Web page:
The Timekeeper Of The Adrastus Collection
The Adrastus Collection in Spain is devoted upon being “a radical experimental collection focused on 21st century art”.
The Adrastus Collection, built since the 1990’s by Spanish investor Javier Lumbreras, became officially founded in 2000 together with his wife Lorena Pérez-Jácome. This was when a more precise, coherent and clear phase of redefinition began, where today it is devoted to being “a radical experimental collection focused on 21st century art”.
The Adrastus Collection’s genesis was conceived quite rationally – as a consequence of the pair’s deeply rooted general interest in art, whilst being detached to possession or self-affirmation. “We mainly decided to do so because we believe in the incalculable social and intellectual value derived of this activity. Collecting is not merely to accumulate products of a same class, but to complexly articulate these materials. Thus, to collect is to connect, to arrange. It is to structure a set of things in order to give them meaning and share the universal message along.”
The Adrastus Collection strives to center on the most representative expressions of the current century, that circulate in the peripheries of capitalism and of western hegemonies; resulting in the creation of a platform that gives visibility to those voices that can be far from the art market’s microphones. Dedicated to continuous search for expansion, the collection includes around 700 works by 150 artists from over 40 countries. Artists include the likes of Jonathas de Andrade, Pawel Althamer, the collective Allora-Calzadilla, Leonor Antunes, Nairy Baghramian, Yto Barrada, Carol Bove, Kevin Beasley, Tacita Dean, Ryan Gander, Pierre Huyghe, Iman Issa, Jim Lambie, Louise Lawler, Justin Lieberman, Steve McQueen, Wade Guyton, Roman Ondák, the collective Opavivará!, Pratchaya Phinthong, Wilfredo Prieto, Walid Raad, Pamela Rosenkranz, Anri Sala, Tino Sehgal, Kelley Walker, Christodoulos Panayiotou, Adrian Villar Rojas, Rirkrit Tiravanija, Dahn Vo, and Akram Zaatari. The cohesive thread lies in the capacity to dislocate economic, political and cultural structures through the introduction of complex artistic devices.
Lorena and Javier’s activities have to date culminated in initiating an art center in the Spanish town of Arévalo, Castilla y León, of which they have been occupied with since 2010. The development of this new project implies a series of personal commitments that the couple have assumed with enthusiasm and firmness. As a local of Arévalo, Javier’s claim “at some point, I have said that the best artwork from Adrastus Collection is Arévalo”, passionately sums up their sensitivity for connection and interaction to place.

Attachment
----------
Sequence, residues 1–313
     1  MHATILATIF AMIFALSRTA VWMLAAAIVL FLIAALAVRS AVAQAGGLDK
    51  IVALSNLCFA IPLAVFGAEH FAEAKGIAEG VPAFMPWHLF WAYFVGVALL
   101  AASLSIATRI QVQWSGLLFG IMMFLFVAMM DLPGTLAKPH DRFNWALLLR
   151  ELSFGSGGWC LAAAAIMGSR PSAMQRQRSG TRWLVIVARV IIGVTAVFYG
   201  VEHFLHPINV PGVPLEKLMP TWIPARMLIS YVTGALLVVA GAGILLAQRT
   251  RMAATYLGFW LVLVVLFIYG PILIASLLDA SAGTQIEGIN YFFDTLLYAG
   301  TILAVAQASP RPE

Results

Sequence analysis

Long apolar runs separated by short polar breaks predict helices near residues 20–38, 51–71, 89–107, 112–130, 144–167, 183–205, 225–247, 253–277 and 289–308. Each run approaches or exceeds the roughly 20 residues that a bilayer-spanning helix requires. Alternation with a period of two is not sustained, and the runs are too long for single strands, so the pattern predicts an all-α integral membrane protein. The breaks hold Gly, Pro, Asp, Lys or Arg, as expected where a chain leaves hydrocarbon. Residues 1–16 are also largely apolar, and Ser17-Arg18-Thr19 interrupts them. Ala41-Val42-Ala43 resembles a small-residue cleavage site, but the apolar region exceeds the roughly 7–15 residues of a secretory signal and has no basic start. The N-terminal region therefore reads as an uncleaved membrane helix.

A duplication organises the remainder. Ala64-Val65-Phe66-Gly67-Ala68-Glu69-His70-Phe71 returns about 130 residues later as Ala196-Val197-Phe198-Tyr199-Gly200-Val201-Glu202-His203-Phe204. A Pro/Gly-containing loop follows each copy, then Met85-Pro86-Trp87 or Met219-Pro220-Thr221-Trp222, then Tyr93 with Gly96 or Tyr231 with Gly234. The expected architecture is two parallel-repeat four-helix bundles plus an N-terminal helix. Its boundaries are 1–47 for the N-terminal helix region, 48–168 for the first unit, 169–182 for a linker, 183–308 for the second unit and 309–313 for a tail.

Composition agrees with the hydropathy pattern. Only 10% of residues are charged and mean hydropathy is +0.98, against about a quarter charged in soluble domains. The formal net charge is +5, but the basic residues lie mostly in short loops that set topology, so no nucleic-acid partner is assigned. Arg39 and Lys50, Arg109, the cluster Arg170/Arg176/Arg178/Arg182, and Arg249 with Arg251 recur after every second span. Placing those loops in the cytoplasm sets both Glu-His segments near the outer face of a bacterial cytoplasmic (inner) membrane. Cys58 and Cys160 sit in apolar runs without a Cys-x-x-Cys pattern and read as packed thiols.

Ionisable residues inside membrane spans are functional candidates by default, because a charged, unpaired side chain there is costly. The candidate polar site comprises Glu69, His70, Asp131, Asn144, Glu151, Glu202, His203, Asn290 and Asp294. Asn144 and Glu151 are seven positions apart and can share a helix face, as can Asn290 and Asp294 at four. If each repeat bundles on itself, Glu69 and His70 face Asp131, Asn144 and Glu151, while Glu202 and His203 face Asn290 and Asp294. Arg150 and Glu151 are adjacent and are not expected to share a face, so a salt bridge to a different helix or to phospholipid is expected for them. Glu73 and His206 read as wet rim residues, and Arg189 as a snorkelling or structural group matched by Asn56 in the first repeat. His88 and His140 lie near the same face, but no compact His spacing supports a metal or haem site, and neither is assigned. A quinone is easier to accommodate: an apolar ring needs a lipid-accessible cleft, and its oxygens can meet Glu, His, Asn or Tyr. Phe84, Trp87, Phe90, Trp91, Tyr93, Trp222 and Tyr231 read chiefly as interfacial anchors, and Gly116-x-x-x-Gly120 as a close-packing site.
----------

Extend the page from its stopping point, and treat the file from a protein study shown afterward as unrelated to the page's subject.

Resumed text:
Currently with the project, they are knee-deep in the ambitious production phase, building a support platform to materialise their vision. Collegium is to be the result, as a space for research, production and exhibitions, which seeks not only to change the economic and social dynamics of the region, but to transcend and blur horizons with each relational experience between object and subject. This is in pursuit “to forever transform the way we build museums to-date”. Their method is to restore and honour the architectural importance of the medieval archeological site and the 16th century buildings, and integrate their academic histories as centrepieces for a contemporary museum, archive, investigation, conservation and production center for art. This dual focus allows for the project to redirect the path of deterioration into something of growth and knowledge, nourished by the radical nature of contemporary art.
For the debut presentation of the Adrastus Collection on IC, following in this Collection Feature are artwork reproductions and collection pieces in situ at various art spaces.
Adrastus Collection is featured in the BMW ART GUIDE by INDEPENDENT COLLECTORS.